A place to remember the fallen; Wall draws loved ones of those killed

A place to remember the fallen; Wall draws loved ones of those killed

Kevin Taylor Staff writer

In a space about as long as a football field, more than 58,000 fallen soldiers from the Vietnam War were honored Monday evening when the black aluminum sections of the Traveling Wall Vietnam Memorial were erected alongside U.S. Highway 95 near here.

The Traveling Wall, at the Coeur d’Alene Tribe’s casino until Thursday, is a portable version of artist Maya Lin’s stark homage to troops who were killed in Vietnam. At least two versions of the Traveling Wall have stopped in the Inland Northwest in recent years in Spokane, Chewelah and Sandpoint.

On Monday evening people came again, driving, in some cases, for hours.

“I’ll tell you what brings people: Memory. My daughter. Her father,” Theresa Litwin-Sullivan said. The Moses Lake woman had just placed a bouquet of artificial white roses and a family snapshot at the base of the wall under the name Sgt. Robert R. Litwin, a paratrooper with the 82nd Airborne who died of wounds in Vietnam on June 22, 1967.

He was 25. He was from another lifetime, perhaps, but he had been Theresa Litwin-Sullivan’s husband. He was Donna Sather’s dad. The two women came, each with a spouse, to remember.

Robert Litwin and Theresa met in Chicopee, Mass.. They married young and had two kids. He joined the service at 19. They were married 7 years. Donna was 6 when her dad died.

“I think this is a wonderful, wonderful memorial to these men who sacrificed their lives at such young ages,” Litwin-Sullivan said. “When he knew he was going, he told me that it was the right thing to do.”

Litwin was in Vietnam only about six months when his unit was ambushed.

“He radioed in for artillery and help,” Litwin-Sullivan said.

Tears came. Her shoulders shook. “I’m not crying. I’m proud,” she said. “He saved six or seven men. He was mortally wounded.”

“He refused medical aid,” Donna Sather said.

“He kept pulling the others out,” Litwin-Sullivan said.

She knows the story because “I was one of those determined widows” and traveled with her kids, Donna and Robert Jr., to Fort Bragg where she talked to survivors of the ambush.

“One of them told me, ‘Teri, you should be very, very proud,’ ” Litwin-Sullivan said.

Donna Sather had seen her dad’s name on the wall in Washington, D.C. When she heard the Traveling Wall would stop in the rolling country just north of Worley, she called her mom in Moses Lake.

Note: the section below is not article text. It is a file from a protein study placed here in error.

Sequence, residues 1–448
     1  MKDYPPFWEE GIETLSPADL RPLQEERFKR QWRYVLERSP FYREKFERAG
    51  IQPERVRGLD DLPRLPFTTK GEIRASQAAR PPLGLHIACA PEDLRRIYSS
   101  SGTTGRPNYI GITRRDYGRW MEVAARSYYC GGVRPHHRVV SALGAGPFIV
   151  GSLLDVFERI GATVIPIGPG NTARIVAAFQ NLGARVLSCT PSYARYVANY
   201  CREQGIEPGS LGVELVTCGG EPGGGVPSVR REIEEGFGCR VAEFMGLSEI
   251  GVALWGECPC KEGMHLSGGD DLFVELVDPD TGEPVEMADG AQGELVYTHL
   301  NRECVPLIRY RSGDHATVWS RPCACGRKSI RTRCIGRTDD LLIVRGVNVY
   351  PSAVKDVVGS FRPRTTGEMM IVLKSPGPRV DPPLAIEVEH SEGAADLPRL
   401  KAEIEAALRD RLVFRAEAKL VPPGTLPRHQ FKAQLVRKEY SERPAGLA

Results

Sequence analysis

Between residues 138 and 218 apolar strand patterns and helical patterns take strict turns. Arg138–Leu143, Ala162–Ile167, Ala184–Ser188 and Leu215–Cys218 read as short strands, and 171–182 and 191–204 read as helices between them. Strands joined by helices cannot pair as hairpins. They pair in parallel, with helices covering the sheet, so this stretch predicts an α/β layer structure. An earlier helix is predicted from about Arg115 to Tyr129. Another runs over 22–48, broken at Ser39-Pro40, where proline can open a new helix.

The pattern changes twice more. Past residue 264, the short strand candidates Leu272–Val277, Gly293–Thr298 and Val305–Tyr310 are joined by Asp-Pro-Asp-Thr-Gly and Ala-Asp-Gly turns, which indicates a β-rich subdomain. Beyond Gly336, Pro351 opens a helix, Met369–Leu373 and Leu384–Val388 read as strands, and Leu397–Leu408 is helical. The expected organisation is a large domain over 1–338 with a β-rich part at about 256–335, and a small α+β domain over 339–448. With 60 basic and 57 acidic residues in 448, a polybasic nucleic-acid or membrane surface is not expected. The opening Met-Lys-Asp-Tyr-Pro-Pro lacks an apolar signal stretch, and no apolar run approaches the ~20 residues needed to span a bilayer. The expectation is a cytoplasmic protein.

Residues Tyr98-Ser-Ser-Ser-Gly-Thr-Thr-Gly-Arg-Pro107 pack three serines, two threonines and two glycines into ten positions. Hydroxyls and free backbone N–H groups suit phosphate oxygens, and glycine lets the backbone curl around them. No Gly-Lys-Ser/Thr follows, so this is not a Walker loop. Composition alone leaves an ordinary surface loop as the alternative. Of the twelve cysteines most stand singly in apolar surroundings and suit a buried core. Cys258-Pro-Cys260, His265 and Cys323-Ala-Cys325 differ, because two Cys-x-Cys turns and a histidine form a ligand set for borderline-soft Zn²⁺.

And on Monday, memories drove Theresa Litwin-Sullivan and her husband, Patrick, to travel several hours east. Memories drove Donna Sather and her husband, Randy, up from St. Maries.

The family left a photograph of a crew-cut man in dress uniform holding a little girl in a yellow coat with a matching hat. Standing at his elbow is a young woman with a hat and veil. The photo is an offering from a wife and a daughter.

“As our traditional people say, when you do something for relatives in the other world, they know it,” tribal member David Matheson, chief executive of the casino, told the audience during the opening ceremony.

The Litwin-Sullivans and the Sathers were not alone.

Michael George, a Coeur d’Alene tribal member from Tensed, came to see the name of Robert Goddard and other cousins who died overseas. “Even if you haven’t been in the service, you feel these people’s presence,” George said.

People drifted along the wall, some standing in silent prayer, others holding paper up to a name and making pencil-rubbings.

More would come after sunset, predicted Ron Emerson, a Vietnam vet working a four-hour shift as an honor guard with Hayden’s American Legion Post 3981.

“I hosted the one in Sandpoint, and people came between 9 and midnight – mostly veterans, it seemed,” said Emerson, who served with the 11th Cavalry’s combat engineers and who came home from Vietnam on the Fourth of July, 1967.

Coeur d’Alene Tribal Chairman Ernie Stensgar, a wounded Vietnam veteran, delivered plain-spoken but heartfelt opening remarks, evoking the spirit of young men suddenly in the craziness of war.

“There is a lot of humor in combat. We relied on humor to get us through, because we didn’t have time to grieve,” Stensgar said. He and his comrades were all young, many in their teens.

“We had dreams. Dreams of coming home to girlfriends or wives. Dreams of coming home to jobs. There were a lot of stories that we shared, and we had heavy hearts when they fell.” Even after 35 years or so, he remembers the stories, the dreams. “That’s what that wall means to us,” Stensgar said.

“Take time to get close and look at the names,” he said. “I hope this wall brings some comfort to you, because it does for me.”

SIDEBAR: IF YOU GO NO CHARGE The Traveling Wall is staffed around the clock by the Coeur d’Alene Tribe’s Warrior Society, area veterans groups and counselors. There is no admission charge, but donations are accepted. The wall will be at the Coeur d’Alene Tribe’s casino until 5 p.m. Thursday.___

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